Balafrej demands resistance against what he called private sector lobbyists belonging to leading political parties.
Rabat – After weeks of protests by contractual teachers, Omar Balafrej, an MP of the Unified Socialist Party (PSU), stated in an interview with Moroccan news outlet Walaw that employing teachers under a fixed-term contract is “nonsense.”
Contractual teachers have staged a number of strikes across Morocco over recent weeks demanding to be integrated into the public sector.
The government has hired teachers under annually renewable contracts every year since 2016.To fill the need for more teachers while managing heavy public debts, the government hired the teachers through regional academies.
The contractual teachers’ unions are protesting the government’s alleged inability to meet their demands to be hired into the public sector and provide free public education.
Hinting at the ruling Justice and Development Party (PJD) and the opposition Istiqlal (Independence) Party (PI), Balafrej, whose PSU belongs to the Federation of the Democratic Left (FGD), argued that those who own private schools do not want to reform the education system because reform threatens their interests.
“These people,” stated Balafrej, “belong to powerful political parties like the PJD and the PI.” He continued, “Some MPs even call for privatizing education even in marginalized and rural areas.”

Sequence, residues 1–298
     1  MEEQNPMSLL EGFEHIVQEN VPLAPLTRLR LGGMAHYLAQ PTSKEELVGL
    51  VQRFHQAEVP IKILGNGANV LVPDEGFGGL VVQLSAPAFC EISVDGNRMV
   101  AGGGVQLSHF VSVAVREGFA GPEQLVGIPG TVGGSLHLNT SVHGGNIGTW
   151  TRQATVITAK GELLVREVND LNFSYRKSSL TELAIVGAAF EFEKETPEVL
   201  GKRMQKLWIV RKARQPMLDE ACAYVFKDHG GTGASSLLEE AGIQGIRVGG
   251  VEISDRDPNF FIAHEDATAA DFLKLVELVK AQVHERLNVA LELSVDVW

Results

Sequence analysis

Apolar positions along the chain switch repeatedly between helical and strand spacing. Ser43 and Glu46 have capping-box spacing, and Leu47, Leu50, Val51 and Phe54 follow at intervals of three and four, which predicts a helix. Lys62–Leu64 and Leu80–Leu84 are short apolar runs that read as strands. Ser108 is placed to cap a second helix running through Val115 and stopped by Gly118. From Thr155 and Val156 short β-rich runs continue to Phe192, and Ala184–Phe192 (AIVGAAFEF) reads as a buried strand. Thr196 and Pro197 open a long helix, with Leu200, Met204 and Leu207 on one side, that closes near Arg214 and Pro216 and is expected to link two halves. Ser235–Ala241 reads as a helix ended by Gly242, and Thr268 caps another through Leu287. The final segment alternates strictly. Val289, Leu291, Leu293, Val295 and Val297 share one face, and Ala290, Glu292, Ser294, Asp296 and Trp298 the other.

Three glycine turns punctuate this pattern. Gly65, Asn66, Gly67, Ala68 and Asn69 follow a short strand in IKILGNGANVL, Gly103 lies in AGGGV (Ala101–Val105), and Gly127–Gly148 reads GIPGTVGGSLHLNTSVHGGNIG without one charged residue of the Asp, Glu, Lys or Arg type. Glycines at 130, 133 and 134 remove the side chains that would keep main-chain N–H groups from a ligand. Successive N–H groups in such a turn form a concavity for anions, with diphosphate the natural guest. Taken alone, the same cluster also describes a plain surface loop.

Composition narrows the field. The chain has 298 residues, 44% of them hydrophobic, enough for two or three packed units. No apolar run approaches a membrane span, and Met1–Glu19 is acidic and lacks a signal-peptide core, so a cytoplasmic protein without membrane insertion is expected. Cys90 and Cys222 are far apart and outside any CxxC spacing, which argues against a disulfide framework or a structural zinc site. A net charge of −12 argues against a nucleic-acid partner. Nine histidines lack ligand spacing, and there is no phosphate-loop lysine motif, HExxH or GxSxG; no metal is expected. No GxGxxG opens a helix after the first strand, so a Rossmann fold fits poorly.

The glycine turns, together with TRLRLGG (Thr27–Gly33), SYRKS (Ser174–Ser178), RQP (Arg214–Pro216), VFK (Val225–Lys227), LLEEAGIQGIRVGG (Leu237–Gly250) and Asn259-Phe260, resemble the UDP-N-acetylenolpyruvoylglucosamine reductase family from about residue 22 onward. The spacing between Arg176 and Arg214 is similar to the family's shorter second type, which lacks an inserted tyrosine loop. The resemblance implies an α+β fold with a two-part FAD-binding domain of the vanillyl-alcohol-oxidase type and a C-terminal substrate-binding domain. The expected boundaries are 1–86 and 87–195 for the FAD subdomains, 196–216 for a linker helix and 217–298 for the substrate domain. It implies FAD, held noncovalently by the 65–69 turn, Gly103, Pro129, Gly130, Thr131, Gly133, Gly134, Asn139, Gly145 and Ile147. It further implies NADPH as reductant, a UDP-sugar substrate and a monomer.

Approximately 1 million students from middle-class families attend private school in Morocco, generating a profit of MAD 10 billion, according to Balafrej.
Balafrej argued that some private sectors should be nationalized, citing Sweden as an example of a country with a 0 percent rate of private schooling at primary and secondary levels and Turkey as a country with a 1 percent rate.
According to a 2015 report conducted by several Moroccan organizations, beginning with the implementation of the National Charter for Education and Training (NCET), Morocco has been promoting private education.
The charter states that “the private education and training sector is considered as a main partner, alongside the State, in the promotion of the education and training system, the broadening of its extension and the continuous improvements of its quality.”
The solution, Balafrej proposes, is that the government should improve the public school system. Private school should not be a necessity but an option, he said.
“What we need to do is to show a strong willingness to hold out against lobbyists of the private sector. Public education is not only about employment under fixed contracts,” Balafrej stressed.
In sympathy with contractual teachers, the National Syndicate of Higher Education (SNESup) declared that they are going to protest at the Ministry of Education in Rabat on Thursday, April 17.
In a special meeting on March 23, SNESup also decided to go on another nation-wide strike but has not decided when.
Their statement calls for an open dialogue between contractual teachers and the government regarding the teachers’ demands, particularly to increase the wages of researcher-teachers especially because of the high cost of living.